Do-it-yourself investing

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New York Stock Exchange (NYSE)

Do-it-yourself (DIY) investing, self-directed investing or self-managed investing is an investment approach where the investor chooses to build and manage his or her own investment portfolio instead of hiring an agent, such as a stockbroker, investment adviser, private banker, or financial planner.

Overview[edit]

The DIY approach has pervaded many activities that were traditionally performed exclusively by institutions or trained professionals. A common approach to investing, for many investors, is to hire investment representation to build and manage their portfolios. The main duties of investment representatives are to provide ongoing advice, allocate money to asset classes and investment products, and to make portfolio management decisions.

Individual investors will often choose to manage their own investments rather than hiring outside representation. Common reasons for doing so include the avoidance of agency fees, dissatisfaction with the quality of service or the investment returns, distrust of the financial industry in general, or a desire to take control of the investing process.

In addition, the advent of discount brokerages, proliferation of free financial resources on the Internet, and the availability of online research tools have also contributed to a large increase in DIY-investing in recent years. There has also been empirical evidence that spam e-mail aims to manipulate stock pricing by influencing would be investors.[1]

DIY Investor Types[edit]

1971 Stock Certificate

A common misconception regarding DIY investing is that it mainly involves the ongoing research, selection and management of individual securities such as stocks and/or bonds. However, a managed fund, a group of securities packaged together as one investment product or “fund” and managed by a portfolio manager is available to simplify the investing process. Mutual funds, exchange-traded funds (ETFs), fund of funds (FoFs) and target date funds (TDFs) are examples of managed funds. Therefore, given the generous investment product landscape, DIY investors have various portfolio management options ranging from simple to complex.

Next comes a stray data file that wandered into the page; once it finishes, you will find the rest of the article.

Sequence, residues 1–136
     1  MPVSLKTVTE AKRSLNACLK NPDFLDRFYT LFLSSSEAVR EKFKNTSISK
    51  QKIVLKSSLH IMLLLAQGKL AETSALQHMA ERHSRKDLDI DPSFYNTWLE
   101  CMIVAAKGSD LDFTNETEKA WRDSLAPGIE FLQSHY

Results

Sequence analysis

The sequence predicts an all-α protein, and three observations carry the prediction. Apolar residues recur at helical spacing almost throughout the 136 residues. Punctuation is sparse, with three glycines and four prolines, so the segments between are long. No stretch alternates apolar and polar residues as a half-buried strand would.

DIY Investor Types

  • Fund investor: an investor who builds and manages a portfolio consisting of one or more managed fund. This approach puts the onus on a portfolio manager to manage the individual securities within a fund.
  • Individual securities investor: an investor who builds and manages a portfolio consisting of individual securities. The portfolio management activities relating to this approach are very similar to that of a registered portfolio manager.
  • Trader: a trader isn't an investor per se since they don’t look to hold securities for an extended period of time. However, under the DIY moniker this investor seeks to generate returns by continuously buying and selling securities. They may use an array of investment strategies and securities to build and manage their portfolios.
  • Hybrid: an investor who uses a combination of the above investing approaches.

Process[edit]

The DIY investing process is similar to many other DIY processes and it mirrors steps found in the financial planning process used by the Certified Financial Planning Board. Whether a DIY investor or a certified professional, investing in the stock market involves risk and unpredictable fluctuations. It has been said, "a blindfolded monkey throwing darts at a newspaper’s financial pages could select a portfolio that would do just as well as one carefully selected by experts."[2]

  1. Develop financial and investment literacy.
  2. Outline objectives, desires, needs and priorities.
  3. Gather, analyze and consider relevant information.
  4. Develop strategies, plans and ideas.
  5. Construct an investment management plan.
  6. Implement plan.
  7. Monitor the plan and make changes accordingly.

Considerations[edit]

Without the use of investment representatives, DIY investors must concern themselves with various investment management activities and factors that relate to building and managing their portfolios.

Building

  • Financial Information Ecosystem
  • Discount Brokerage Selection
  • Investor Documentation

Managing

  • Portfolio Documentation
  • Asset Allocation
  • Investment Strategy
  • Investment Products
  • Fees and Investment Expenses
  • Investment Accounts

Taxes